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The Importance of Exposure

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The Importance of Exposure

Ethan Tree Climbing

Imagine a busy highway with heavy and overwhelming traffic zooming both ways. Now imagine you’re a lost bystander on the side of the road and the speed, noise, and vibration of the cars frightens you. There are two choices you can make in this moment:

1. Turn your back to the highway and wander aimlessly, just hoping to stay clear of discomfort
2. Make the effort to pay attention to the busy highway, no matter how frightening it is.

Which choice do you think will get you to your desired destination? The second one, of course. By being attentive to the highway, you’ll be able to flag down cars as they pass by and get a lift. This highway analogy was first introduced to me by one of my mentors, Kevan, and I don’t think that I’ll forget it anytime soon. For those who want to be sure that they understand it, the busy highway represents the countless opportunities that come and go here at the ranch and you can choose to either put your head down and live like a robot, or you can take advantage of the many learning opportunities available and work towards your goals and visions.

When I first applied to become an intern at the ranch, I knew that I was going to learn a lot of new things, but I never expected just how much I would be exposed to – and thrown into the middle of. In 3 months, I learned many new life and business skills. But more than that, many situations, experiences, and conversations that I was a part of left an impact on me and I grew from them. Kevan liked to half-joke about how long my resume would be by the end of my term. Now, I’m the type of person who likes an aesthetic and concise resume (1-2 pages) and so it wouldn’t be quite practical to list out all of the experiences and skills I’ve gained at the ranch. But I can list them here!

In no particular order, these are the resume-worthy experiences and skills that I’ve gained from my time at the ranch:

  • Western horseback riding (I even rode more bareback than I did saddled)
  • Horse tracking
  • Horse deworming
  • Wood chopping and splitting
  • Fire-making
  • Chainsaw operating
  • Tree climbing
  • Cooking and baking for guests (apparently, I’m a pretty good cook)
  • Sledgehammer handle fixing
  • Archery
  • Public speaking and presenting
  • Mentoring
  • Social media managing and content creation
  • CRM maintenance
  • Website optimizing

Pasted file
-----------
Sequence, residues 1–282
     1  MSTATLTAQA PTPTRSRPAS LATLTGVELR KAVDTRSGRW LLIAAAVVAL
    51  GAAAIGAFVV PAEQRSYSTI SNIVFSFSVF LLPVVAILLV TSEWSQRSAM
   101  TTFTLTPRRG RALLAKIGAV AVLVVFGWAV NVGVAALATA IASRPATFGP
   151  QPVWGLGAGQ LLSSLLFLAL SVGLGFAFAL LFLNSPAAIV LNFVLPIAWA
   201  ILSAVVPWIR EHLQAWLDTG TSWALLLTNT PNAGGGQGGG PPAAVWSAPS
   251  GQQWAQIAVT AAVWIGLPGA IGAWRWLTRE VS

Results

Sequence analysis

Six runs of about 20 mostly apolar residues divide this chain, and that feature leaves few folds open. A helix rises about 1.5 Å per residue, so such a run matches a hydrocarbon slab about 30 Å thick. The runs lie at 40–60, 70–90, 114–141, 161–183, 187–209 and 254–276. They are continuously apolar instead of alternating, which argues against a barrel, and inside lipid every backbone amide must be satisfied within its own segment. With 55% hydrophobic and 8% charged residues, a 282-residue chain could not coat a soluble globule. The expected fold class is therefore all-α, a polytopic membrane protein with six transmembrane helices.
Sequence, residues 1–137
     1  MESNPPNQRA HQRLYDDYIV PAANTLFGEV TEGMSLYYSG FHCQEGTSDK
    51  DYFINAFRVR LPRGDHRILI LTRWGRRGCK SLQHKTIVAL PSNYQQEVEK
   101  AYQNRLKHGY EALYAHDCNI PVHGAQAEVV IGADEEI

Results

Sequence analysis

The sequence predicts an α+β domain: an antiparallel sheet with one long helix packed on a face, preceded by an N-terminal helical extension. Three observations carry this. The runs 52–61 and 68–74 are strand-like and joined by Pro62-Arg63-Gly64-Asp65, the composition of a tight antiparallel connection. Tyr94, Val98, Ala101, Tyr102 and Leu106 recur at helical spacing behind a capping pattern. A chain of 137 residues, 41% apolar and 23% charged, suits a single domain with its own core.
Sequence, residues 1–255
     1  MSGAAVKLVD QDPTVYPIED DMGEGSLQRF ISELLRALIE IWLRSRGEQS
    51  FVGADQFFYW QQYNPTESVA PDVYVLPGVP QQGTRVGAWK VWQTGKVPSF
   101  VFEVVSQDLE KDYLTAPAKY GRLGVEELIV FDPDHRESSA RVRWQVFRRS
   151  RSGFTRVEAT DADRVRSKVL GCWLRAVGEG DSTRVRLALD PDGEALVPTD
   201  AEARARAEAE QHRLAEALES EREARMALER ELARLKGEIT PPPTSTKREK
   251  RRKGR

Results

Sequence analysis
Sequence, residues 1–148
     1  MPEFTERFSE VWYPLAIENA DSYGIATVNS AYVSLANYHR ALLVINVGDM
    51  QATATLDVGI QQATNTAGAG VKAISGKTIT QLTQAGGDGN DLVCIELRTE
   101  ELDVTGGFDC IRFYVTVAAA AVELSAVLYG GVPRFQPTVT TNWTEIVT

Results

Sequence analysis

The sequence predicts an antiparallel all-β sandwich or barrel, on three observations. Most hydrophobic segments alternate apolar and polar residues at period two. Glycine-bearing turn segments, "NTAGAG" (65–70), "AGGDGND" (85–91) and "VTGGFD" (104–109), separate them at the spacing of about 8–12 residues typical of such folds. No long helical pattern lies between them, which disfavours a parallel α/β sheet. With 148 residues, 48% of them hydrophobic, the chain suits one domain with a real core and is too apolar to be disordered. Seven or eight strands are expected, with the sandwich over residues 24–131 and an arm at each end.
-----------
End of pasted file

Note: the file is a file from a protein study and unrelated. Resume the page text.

• Working in cPanel
  • Logo creating
  • Search engine optimization (SEO)
  • Paid Facebook and Google advertising
  • “Guiding” with the ranch cat, Tosh (helping him catch mice and squirrels)
  • Skidder and CAT driving
  • Logging

There’s more where that came from, but I don’t think I can remember and recount them all. The point is, these are all of the opportunities that I could’ve missed or avoided had my back been against the busy highway, intentionally or not.

I like to think that I would’ve always taken the hard road and faced the highway even if Kevan wasn’t constantly reminding us about seizing opportunities and promoting personal development but the truth is, it’s super easy to fall into the trap of comfort and become stuck in life. So, I’m very grateful for the empowering lessons I’ve had here, despite many of them making me feel uncomfortable in the moment.

Up ‘til now, I’ve mainly been talking about skills I’ve learned and experiences I’ve had – external things. There’s a whole other side of the coin (or extra lanes if we’re still going with the highway analogy), however, and that is that of internal exposure which is something that is more important than external exposure. Everything I’ve seen and been through at the ranch has affirmed that external circumstances are mainly facilitators for internal growth. Change and personal growth begin from the inside. It’s up to you to choose what kind of attitude you want to have. Do you want to be a person who always seeks to find fault with others and avoids responsibility? Or do you want to make the conscious and more difficult decision to have a humble and cooperative attitude – one that takes responsibility and doesn’t resort to deferral? Personally, I struggle with responsibility and deferral but it’s something I’m getting better at and plan to continue to improve at.

Speaking of the future, my internship at the Chilcotin Holidays ranch is at an end and I’ll be returning home to New Brunswick very shortly to finish my university studies with a newfound passion and focus (after my mandatory 14-day self-isolation period of course.) Thanks to my time here and all of the wonderful people I got to meet, work with, and laugh with, I’m confident in saying that I won’t forget what I’ve learned here. My life is only beginning, and I thank God for even the opportunity to fly across the country for this internship, considering everything going on with the pandemic – speaking of which, it’s almost like a different world out here in the South Chilcotin Mountains. It’s so peaceful, beautiful nature is all around, and the air is so fresh. If you’re feeling like you really need to escape from the city and the stress of uncertainty, consider coming up to the Chilcotin Holidays ranch for a few days. It’s truly a wonderful place.

On that note, I’ll say my goodbyes, both to you and to the wonderful Trails to Empowerment community here at the ranch. As we like to say at the end of our Morning Reviews, “I appreciate you!”